(Note: I am a blog virgin, so excuse any errors in my blog manners or style.)
I assume that Clausewitz wanted generals (i.e., leaders of armies) and statesmen (i.e., leader of states with armies) to read “On War” so that they would have constructs and vocabulary with which to think and talk about undertaking a “war” in a systematic way. In Chapters 1 and 2 of Book 1, Clausewitz does much of this work by defining “What is War?” and describing its “Ends and Means”. Although Clausewitz’s definitions are clearly thought out and well stated, it seems to me that the 21th century’s global “war” experience presents some significant challenges to Clausewitz’s 19th century European definition.
For Clausewitz “states” raise and direct their “armies” to make “war” for the political purposes of their “states”, or in other words, an “army” in action is at “war” (trying to destroy the “will” of the enemy’s “army”) to achieve its “state’s” political goal and when not in action the “army” should be preparing for “war”. Nonetheless, today Clausewitz would see familiar things doing unfamiliar activities and unfamiliar things doing familiar activities in the name of political objectives:
1.“Army” as peacekeeper in national policy;
2.“Army” as nation-builder in national policy;
3.“Army” as humanitarian aid provider in national policy;
4.National “policy” via war generated by a political party/faction to serve its interest not necessarily the country’s (e.g., Argentina and the Falklands War);
5.Non-“states” with “armies” which militarily challege “States” (e.g., Hamas, Al Qaeda, Drug Gangs, Somali pirates).
These are not insignificant differences with Clausewitz’s definition, given the amount of focus on these items are given by our “states” today.
Item #2 is of interest because counter to Clausewitz’s implicit view that a “state” survives even when its will is broken and “disarming the enemy is rarely attained”, in fact in both Iraq and Afganistan the “state” was essentially completely destroyed and in Iraq the “army” was completely disarmed and disbanded leading to the unintended result of massive insecurity which transformed into a bloody insurgency that hurt the victor’s interests. The need to insure that the “army” doesn’t break the “state” completely when breaking the “will” of the enemy’s “army” is part of the war calculation Clausewitz doesn’t address, but is clearly important looking at today’s “wars” especially in the case of regime change and failed “states”.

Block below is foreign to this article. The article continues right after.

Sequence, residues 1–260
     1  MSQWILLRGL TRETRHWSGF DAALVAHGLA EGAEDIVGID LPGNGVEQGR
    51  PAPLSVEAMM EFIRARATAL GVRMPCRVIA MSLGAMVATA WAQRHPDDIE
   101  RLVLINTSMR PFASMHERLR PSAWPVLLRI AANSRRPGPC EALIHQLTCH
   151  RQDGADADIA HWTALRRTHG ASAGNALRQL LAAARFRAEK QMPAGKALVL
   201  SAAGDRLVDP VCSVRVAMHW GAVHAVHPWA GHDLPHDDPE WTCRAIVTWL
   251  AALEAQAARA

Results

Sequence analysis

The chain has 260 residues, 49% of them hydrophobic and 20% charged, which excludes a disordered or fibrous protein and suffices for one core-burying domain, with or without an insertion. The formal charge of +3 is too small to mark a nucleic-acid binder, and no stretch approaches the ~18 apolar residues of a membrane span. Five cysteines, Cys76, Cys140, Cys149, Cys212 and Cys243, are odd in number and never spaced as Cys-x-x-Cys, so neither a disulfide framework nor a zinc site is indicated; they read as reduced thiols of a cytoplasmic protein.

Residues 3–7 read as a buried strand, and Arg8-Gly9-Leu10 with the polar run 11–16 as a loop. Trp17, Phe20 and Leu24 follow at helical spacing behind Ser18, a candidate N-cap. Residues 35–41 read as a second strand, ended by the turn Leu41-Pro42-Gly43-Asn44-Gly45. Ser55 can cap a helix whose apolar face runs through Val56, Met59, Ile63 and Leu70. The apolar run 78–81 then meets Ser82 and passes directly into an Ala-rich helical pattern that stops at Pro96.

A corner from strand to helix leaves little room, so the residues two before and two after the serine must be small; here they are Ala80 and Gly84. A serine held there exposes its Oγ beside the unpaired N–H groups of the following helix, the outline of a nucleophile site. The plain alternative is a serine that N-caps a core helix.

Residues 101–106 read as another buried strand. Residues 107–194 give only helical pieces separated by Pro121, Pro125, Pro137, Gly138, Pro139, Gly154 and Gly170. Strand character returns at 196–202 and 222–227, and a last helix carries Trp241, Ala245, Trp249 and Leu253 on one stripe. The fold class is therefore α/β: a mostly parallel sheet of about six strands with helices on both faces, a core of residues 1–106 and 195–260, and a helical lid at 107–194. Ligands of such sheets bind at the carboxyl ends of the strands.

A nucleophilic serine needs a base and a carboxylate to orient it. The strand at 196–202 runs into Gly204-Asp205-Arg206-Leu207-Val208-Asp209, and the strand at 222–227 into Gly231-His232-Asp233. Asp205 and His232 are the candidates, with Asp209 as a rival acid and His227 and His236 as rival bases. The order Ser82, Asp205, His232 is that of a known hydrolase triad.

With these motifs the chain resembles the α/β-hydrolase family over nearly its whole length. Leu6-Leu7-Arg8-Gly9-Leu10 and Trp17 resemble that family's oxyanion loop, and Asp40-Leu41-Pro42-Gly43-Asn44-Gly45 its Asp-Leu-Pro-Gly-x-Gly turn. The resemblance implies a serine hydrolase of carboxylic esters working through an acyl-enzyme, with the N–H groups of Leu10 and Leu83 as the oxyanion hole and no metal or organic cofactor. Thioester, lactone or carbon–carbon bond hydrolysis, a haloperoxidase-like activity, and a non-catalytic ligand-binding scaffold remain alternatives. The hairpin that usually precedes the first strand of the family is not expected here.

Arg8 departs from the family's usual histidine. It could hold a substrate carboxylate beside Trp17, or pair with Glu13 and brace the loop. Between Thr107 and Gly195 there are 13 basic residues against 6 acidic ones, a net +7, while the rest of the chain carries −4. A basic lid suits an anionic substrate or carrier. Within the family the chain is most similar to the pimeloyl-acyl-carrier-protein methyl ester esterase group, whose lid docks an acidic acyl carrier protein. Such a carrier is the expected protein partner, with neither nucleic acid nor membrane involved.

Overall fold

Item #4 is important because it points out because “state” leaders may be making decisions based on interest of their faction or party and not in the in interest of the “state”. Specifically, a political faction might lead a “state” to “war” in order to secure its position or re-election at considerable risk to the “state’s” interests using a “policy” for the “war” which is untrue or a half-truth. Maybe during the time of monarchy this was not a problem Clausewitz faced or heard about, so it is not mentioned.
Regarding item #5, first, would Clausewitz consider the “War on Terror” a real war? Clausewitz defines “war” as dual of armies (with their allies) where each army is trying to subject the other to its will to achieve a “state” policy or political objective. Is Al Qaeda really trying to defeat the US military and our allies military in a war? Is Al Qaeda an army to be defeated on the battlefield? Is Al Qaeda a “state”?
Clausewitz writes about “states” rationally calculating the probability of achieving their political ends thru “war”. Unfortunately, the rational community of nations is faced with the potential of non-”state” actors doing military acts which have little possibility of achieving their goals, yet requiring a military response. Consider Hamas, they are engaging in kidnapping IDF soldiers and launching rockets which in Clausewitzian terms are not going to “break the will” of the IDF and achieve Hamas’ stated “policy” of destroying the Israel and recapturing Palestinian land lost in 1948. At the same time, it seems the IDF cannot break the will of Hamas by military means. Nonetheless, this becomes a “war” between the IDF and Hamas with no possibility of a negotiated peace since neither side accepts the others legitimancy to exist.
If Clausewitz was alive today, in his “On War 2.0” how he would address “what is war?” and the “ends and means of war” given these examples of post Cold War military conflicts facing the major “states” and “armies” of the world?